Most cylinders have one or more safety-relief devices. These devices can prevent rupture of the cylinder if internal pressure builds up to levels exceeding design limits. Pressure can become dangerously high if a cylinder is exposed to fire or heat, including high storage temperatures.
There are three types of safety-relief devices. Each relieves excessive gas pressures in a different way:
Safety- or Pressure-Relief Valves: These valves are usually a part of the cylinder. They are normally held closed by a spring. The force holding the valve closed is set according to the type of gas in the cylinder. The valve opens if the cylinder pressure exceeds the set safety limit. Gas is released until the cylinder pressure drops back to the safety limit. The valve then closes and retains the remaining gas in the cylinder.
Rupture Discs (also known as frangible or bursting discs): These discs are usually made from metal. They burst or rupture at a certain pressure, releasing the gas in the cylinder. The bursting pressure is designed so that the disc ruptures before the cylinder test pressure is reached. These devices cannot be reclosed, so the entire contents of the cylinder are released.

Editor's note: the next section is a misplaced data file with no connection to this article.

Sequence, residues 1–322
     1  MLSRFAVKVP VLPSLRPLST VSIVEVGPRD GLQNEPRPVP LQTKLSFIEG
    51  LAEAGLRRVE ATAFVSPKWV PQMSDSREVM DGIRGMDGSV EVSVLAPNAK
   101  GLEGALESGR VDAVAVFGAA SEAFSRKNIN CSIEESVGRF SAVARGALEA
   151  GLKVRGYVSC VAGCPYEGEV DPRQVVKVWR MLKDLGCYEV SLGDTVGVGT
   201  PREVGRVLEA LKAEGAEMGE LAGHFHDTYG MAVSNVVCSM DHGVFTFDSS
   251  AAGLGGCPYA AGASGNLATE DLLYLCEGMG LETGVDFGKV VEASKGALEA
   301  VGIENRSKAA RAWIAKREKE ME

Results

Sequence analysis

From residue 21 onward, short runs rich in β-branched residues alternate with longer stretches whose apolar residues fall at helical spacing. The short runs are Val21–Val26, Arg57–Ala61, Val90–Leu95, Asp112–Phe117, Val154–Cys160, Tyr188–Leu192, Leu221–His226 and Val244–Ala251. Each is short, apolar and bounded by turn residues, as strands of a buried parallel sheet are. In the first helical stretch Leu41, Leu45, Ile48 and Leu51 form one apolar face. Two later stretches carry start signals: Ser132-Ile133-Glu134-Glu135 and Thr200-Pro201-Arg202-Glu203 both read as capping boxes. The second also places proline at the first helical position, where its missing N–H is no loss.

Fusible Plugs (also called fuse or melt plugs): Temperature, not pressure, activates fusible plugs. These safety devices are used where heat could initiate an explosive chemical reaction. A pressure-relief valve or rupture disc acts too slowly and too late to prevent rupture of the cylinder if an explosive reaction has already begun. The fusible plug releases the gas before the hazardous reaction can begin. Fusible plugs are made of metals that melt at low temperatures. For example, acetylene cylinders have a fusible plug which melts at about 100°C (212°F). This temperature is safely below the temperature at which hazardous polymerization may occur.
Not all compressed gas cylinders have safety devices. Some gases are so toxic that their release through a safety device would be hazardous. Cylinders for these gases are built to withstand higher pressures than normal cylinders. When these "toxic gas" cylinders are involved in a fire, the area must be evacuated.